A: Authenticity. The definition of authenticity is elusive. Provocatively and paradoxically I was taught that people can only be authentic when decrying their own inauthenticities. Thus one cannot authentically say, "I authentically love you" but one can say, "I was inauthentic - passive/aggressive - when I told you to go to the movies alone. I apologize." The reason that authenticity is so difficult to define is that language itself is a "cage" (according to Wittgenstein) that we are all trapped in, particularly if you only speak one language and/or do not possess an expansive vocabulary. So it could be argued - psychologically - that 100% authenticity is impossible because we all have prejudices - likes and dislikes, tastes, biases - and according to both Freud and the Buddha our minds persistently attempt to maximize and cling to pleasure and minimize and avert pain. So experiencing phenomena in the present moment with as little biases, prejudices and expectations as possible, plus taking responsibility for previous inauthenticities, would be a good start at defining authenticity. However, I also believe that authenticity implies a certain honesty and awareness, a certain "mindfulness," a raised consciousness and ability to observe thoughts, feelings and actions as well as the reactions they evoke in others so that one can readily sense when one is out of integrity with oneself or attunement or alignment with others.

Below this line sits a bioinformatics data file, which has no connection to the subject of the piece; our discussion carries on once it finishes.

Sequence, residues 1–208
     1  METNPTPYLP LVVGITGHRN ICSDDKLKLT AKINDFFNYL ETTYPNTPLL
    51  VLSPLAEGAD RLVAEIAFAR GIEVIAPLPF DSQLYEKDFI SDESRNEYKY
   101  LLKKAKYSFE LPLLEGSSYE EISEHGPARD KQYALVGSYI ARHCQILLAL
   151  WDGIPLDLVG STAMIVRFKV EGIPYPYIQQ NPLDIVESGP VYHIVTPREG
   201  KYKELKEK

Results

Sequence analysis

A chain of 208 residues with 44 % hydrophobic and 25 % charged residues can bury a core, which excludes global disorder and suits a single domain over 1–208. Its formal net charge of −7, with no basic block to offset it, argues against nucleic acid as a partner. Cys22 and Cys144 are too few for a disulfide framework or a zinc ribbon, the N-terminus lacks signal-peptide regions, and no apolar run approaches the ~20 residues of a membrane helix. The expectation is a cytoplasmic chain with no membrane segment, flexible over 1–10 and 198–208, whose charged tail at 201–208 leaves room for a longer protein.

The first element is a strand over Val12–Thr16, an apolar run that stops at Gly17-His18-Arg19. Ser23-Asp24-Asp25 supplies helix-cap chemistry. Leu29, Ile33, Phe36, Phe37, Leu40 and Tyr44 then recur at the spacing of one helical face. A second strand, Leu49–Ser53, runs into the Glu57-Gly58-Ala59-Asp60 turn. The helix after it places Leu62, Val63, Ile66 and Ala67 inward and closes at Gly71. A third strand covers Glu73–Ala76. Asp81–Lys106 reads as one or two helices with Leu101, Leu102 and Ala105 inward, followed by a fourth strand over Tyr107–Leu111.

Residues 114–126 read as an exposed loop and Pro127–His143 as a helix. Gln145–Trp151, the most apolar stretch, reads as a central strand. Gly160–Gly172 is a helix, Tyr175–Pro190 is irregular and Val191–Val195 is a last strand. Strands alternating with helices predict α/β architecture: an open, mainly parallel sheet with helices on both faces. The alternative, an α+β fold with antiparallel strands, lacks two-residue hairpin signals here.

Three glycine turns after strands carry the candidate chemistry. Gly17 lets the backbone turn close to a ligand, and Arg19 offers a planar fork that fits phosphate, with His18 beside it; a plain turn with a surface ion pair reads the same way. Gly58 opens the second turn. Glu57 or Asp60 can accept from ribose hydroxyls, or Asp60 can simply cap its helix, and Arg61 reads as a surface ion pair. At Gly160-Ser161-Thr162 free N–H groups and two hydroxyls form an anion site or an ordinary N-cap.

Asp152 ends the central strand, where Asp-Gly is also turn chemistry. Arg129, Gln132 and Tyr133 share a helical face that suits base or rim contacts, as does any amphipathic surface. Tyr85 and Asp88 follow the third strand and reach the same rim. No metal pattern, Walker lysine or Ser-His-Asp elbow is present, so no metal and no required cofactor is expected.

B. Balance. Robert Reich in "Supercapitalism" reports that most Americans do not use the meager one or two weeks of vacation time they are allowed for fear of losing their jobs. With the exception of Tim Ferris and people who subscribe to his "4 Hour Work Week," most Americans get their personal identity and senses of self and purpose through their jobs; thus they feel as if the more hours they dedicate per week to work entitles them to bragging rights - as if any sane person ever wanted "Worked Really Hard" or "Was Crazybusy" on his or her tombstone.